The rains continue here in the Southern Highlands, and using solar power has become increasingly difficult! While February tends to have less rain than January, it is still cloudy most days. March is when the HARD rains come, and I am grateful that I will be traveling for half of that month, and will be distracted by the site visits of the new health/agriculture trainees for the rest of it. Then in April, the rains lessen in intensity, though they won’t stop until May or June. That’s a normal year, at least.
Here are some pictures of my permagarden that show the power and gift of the rains, even though they limit my electricity usage – so green now!
You may be wondering why I’ll be traveling for so long. I will be helping to train the new trainees during their pre-service training (PST) in Dodoma. I recently attended the training of trainers (TOT) in Dodoma and saw the training site, and the villages the trainees will be living in for those 2 and ½ months of PST. The weather is so much nicer than my training location in Tanga region, and the houses the trainees will be staying in are really nice – very modern, electricity, some even have running water… The classroom in a village that I visited not only was on the second floor of the building, but it even has its own balcony! Posh. The training center, where the trainees will go two or three times a week to learn together in one setting is also nice. The PCTs will be very comfortable!
The week of TOT was a good one. We found out which weeks we will cover during PST, and therefore which sessions we will be responsible for. My sessions are: Coping with unwanted attention (which I’ll do with PCTZ’s safety and security manager), Overview of Agriculture in the Host Country, Volunteer Resiliency (which I’ll do with the Country Director), Gender equality and women’s empowerment, Introduction to soil (which I’ll do with our awesome agriculture expert), Local environmental issues, Practical nutrition (looking at Tanzanian staples), Gardening preparation, tools, and seedbed prep, Maintaining mental and emotional health, Alcohol Awareness, and Nutrition and dental health (which I’ll do with one of the PC medical officers). I’ll also be there for the sports and games afternoon on my last day! That’ll be fun. It will certainly be a busy week and a half, but I’m really excited to meet all of the new trainees. Plus it’ll be a really good experience helping to facilitate all of these sessions.
After my time at PST, I’ll be going to Dar es Salaam for the USAWA committee meeting. We’re sorting through the nine applications for new members now, and will meet those we select at this upcoming meeting. We’ll also get ourselves organized to get the LEAD conference (Leadership Experience and Development) up and running for this year – it has been delayed due to grant issues. There will be other items on the agenda as well.
As I mentioned, the trainees will be doing site visits at the end of March, which is extra exciting for me because the neighboring village will be getting a health volunteer if all goes well! I’ll be able to see a friendly face after only a 20 minute bike ride. That’ll be just crazy! Needless to say, another volunteer so close will change my service. I’m already doing work in that village at the secondary school, and with water project development, so I’m sure we’ll be able to collaborate on some things. Also, if I’m having a rough day, I’ll have someone to turn to. This is assuming that the volunteer isn’t extremely anti-social. I can only hope!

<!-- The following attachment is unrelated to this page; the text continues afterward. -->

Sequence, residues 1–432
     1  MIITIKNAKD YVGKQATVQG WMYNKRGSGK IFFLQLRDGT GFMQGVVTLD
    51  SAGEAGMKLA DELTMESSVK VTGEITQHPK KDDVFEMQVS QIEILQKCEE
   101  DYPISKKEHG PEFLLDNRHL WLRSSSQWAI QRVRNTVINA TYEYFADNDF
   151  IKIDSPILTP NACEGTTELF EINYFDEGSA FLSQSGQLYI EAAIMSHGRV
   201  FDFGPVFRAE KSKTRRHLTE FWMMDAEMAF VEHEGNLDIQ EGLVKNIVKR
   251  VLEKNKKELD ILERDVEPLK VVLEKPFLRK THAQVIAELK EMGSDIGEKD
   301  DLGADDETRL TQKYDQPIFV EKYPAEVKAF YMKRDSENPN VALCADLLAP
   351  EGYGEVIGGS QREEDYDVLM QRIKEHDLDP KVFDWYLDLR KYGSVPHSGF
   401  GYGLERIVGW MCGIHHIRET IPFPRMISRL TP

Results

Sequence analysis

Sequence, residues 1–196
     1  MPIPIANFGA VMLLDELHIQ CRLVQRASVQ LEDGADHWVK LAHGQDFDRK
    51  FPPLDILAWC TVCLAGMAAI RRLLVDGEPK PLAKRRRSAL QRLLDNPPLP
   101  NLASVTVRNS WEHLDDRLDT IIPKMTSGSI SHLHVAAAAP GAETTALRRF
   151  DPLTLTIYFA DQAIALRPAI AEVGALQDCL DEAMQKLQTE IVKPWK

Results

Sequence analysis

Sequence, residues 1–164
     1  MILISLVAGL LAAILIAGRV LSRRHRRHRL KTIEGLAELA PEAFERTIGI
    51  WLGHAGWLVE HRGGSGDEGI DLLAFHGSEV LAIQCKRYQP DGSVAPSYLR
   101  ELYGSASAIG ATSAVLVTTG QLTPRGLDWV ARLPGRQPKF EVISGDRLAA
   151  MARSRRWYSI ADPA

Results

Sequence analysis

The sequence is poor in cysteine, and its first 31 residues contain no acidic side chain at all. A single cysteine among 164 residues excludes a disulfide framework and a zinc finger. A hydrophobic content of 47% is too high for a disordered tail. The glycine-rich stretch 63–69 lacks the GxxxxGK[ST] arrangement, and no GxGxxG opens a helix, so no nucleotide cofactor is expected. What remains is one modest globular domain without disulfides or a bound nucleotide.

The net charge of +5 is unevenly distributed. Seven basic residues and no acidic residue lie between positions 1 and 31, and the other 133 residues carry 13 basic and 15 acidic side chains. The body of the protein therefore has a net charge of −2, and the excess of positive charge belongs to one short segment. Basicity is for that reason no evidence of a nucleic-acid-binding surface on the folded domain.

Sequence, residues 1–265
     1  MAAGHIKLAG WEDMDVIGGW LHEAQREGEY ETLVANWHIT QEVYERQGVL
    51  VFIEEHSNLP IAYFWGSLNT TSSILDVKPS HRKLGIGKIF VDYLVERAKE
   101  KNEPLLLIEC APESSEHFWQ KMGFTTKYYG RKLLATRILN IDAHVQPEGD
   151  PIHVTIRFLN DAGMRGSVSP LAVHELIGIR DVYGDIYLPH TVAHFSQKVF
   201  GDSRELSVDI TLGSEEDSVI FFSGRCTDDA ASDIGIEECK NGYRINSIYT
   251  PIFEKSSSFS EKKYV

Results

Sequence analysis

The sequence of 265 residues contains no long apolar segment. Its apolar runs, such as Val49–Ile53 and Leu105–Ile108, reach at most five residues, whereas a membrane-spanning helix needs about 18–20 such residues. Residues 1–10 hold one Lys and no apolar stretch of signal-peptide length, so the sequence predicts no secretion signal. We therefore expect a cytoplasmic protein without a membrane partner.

Yesterday marked the second meeting of my Mamas group. We baked corn bread this time (I added some onions and green peppers and spice), and made guacamole. They loved the guac! I’ve heard stories from other volunteers, who also have an abundance of avocados in their village, that they tried to teach the Mamas how to make guacamole and it just freaked them out – they didn’t like it. Putting raw onions and tomatoes in a mashed up mix of avocados and spices?! That’s just unnatural! I was happy to see the women and children eating the guac in large spoonfuls. We also put some on our corn bread as well.
I am lucky to have such a healthy and perfectly sized avocado tree directly behind my house! I can climb up into it very easily, though I still can’t reach all of the fruits – I get the children to help me with a long stick for some. This was my harvest today, and as you can see there are many more that will be large enough to pick soon!
I also showed off my permagarden to the Mamas, and they were very impressed by the size of my squash plants. I planted some summer squash/zucchini, and one pumpkin plant – the seeds were from America.
My cucumbers are also doing well so far.
As is the sweet corn (from America) and the beans I intercropped with the corn (from TZ).
Also, I am seeing some exciting growth in my containers – the broccoli is finally looking stable, the tomatoes are taking off, and some dill has popped up as well.
I’ve not had much luck with other herbs, like basil and cilantro, which is really unfortunate… My attempts at kale have also been unsuccessful. I’ll keep trying though! And I’ll make another small garden bed inside my courtyard when the rains slow down in May. Maybe the drier weather will be preferable.
I know the drier weather will be preferable for me! My roof is still so very leaky… I tried using some sealant today to cover where the nails come in to hold the iron sheets to the lumber. I doubt that’ll do anything… It’ll probably end up making the leaks worse somehow, just because every time I’ve tried to fix the roof, or my friend has tried, it’s only gotten worse…
Also, with drier weather I’m guessing the mushrooms that have taken over my bath room will die out.
It smells in there. Why does it have to be such a struggle to get someone here to fix it?? I’ve arranged over and over a day and time for someone to come, but it never works out. I need new cement, which needs to be applied at an angle so that the water can drain – simple! I wish those termites had chosen a different spot to mess with way back when I first arrived at site… They’re the ones who clogged up the initial drainage hole, and then moved all the soil beneath the concrete so it cracked and broke away.